Potash and oil are traditionally huge in the Saskatchewan economy, but if the government relied on them to make budget this year, it would be a sorry situation.
The real class among sectors is agriculture.
The province’s mid-year report notes that business investment in such things as housing construction is partly fuelling the economy. The population is rising, jobs are plentiful and life seems good. The budget will balance.
“Though potash production and sales have been impacted this year by weak global demand, many of the other indicators for 2012 are also up,” said the report. “2012 crop production is estimated at 26.4 million tonnes, down 0.9 percent from 2011, but above the budget level. As a result, the 2012 real GDP growth forecast has been revised up.”
That’s despite resource revenues dropping by more than $400 million. Meanwhile, Saskatchewan farm cash receipts are up seven percent to $8.64 billion, and realized net farm income soared 58 percent to $2.85 billion in 2011.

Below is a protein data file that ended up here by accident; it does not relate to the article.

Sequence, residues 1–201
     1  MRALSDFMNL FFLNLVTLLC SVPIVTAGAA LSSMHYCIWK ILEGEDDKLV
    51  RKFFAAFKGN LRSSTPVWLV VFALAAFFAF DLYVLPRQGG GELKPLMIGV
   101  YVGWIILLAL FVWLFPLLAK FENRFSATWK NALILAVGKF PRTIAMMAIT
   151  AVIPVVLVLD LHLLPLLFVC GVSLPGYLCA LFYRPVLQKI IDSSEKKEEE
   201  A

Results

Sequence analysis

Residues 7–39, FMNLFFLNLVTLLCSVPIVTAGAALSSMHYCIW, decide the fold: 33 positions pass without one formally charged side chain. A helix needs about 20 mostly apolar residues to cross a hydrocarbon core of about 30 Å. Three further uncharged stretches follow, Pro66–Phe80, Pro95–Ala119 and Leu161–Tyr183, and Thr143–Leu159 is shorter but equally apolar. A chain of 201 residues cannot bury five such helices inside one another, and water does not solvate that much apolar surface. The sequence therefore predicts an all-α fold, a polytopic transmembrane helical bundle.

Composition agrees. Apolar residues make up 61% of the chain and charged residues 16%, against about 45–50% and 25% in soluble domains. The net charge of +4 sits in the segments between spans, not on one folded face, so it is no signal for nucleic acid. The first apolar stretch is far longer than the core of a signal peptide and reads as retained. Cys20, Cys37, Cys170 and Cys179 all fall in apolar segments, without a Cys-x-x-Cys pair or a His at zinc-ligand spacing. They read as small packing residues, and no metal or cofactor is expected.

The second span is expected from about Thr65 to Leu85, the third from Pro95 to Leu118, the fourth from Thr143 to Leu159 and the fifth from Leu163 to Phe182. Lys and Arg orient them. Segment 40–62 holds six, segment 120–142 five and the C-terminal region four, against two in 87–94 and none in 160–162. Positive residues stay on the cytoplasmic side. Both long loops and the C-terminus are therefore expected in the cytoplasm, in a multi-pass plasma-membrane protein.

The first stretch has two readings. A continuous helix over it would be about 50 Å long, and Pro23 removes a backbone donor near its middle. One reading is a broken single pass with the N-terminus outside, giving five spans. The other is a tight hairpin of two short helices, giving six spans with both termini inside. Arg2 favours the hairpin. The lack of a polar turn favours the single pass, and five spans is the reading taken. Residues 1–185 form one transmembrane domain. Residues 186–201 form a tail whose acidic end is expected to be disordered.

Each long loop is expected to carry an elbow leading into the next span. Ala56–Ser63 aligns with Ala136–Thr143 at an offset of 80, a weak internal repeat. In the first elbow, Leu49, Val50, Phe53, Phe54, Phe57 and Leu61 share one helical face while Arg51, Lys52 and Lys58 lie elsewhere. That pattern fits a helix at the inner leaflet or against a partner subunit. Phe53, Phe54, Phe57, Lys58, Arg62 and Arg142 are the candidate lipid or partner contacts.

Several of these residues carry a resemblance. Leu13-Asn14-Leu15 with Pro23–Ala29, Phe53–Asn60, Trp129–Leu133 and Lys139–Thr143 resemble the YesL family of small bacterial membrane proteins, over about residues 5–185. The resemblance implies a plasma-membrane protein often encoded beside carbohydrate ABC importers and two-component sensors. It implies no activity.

Cash receipts are even higher in Alberta, up 15 percent to $8.76 billion, although net farm income was low. Manitoba is not faring as well, partly because of the flooding last year.
Years ago, whenever things went awry in western agriculture, people (urbanites? politicians?) would say something like, “it’s no big deal; it’s only eight percent of GDP. Agriculture is just not as important as it used to be. Potash and oil and uranium are the way of the future.”
That, of course, is true to a point. The non-renewable triumvirate in Saskatchewan, the massive oil economy in Alberta and a significant amount of mining in Manitoba are all crucial to the prairie economies.
So is agriculture. It may not pay royalties, but it reverberates through the economy — especially in Sask-atchewan — with massive spin-off effects. Who buys the most expensive stuff, such as combines, in Western Canada? Farmers.
How much in income, fuel and sales taxes does that deliver to governments? No idea, but it’s huge.
Doug Elliott, publisher of Sask Trends Monitor, also pointed out that agriculture still employs more people in Saskatchewan — 40,000 — than mining, oil and gas at 24,000.
Agriculture is noticeably back in the spotlight, and Saskatchewan’s mid-year financial report is testament to that.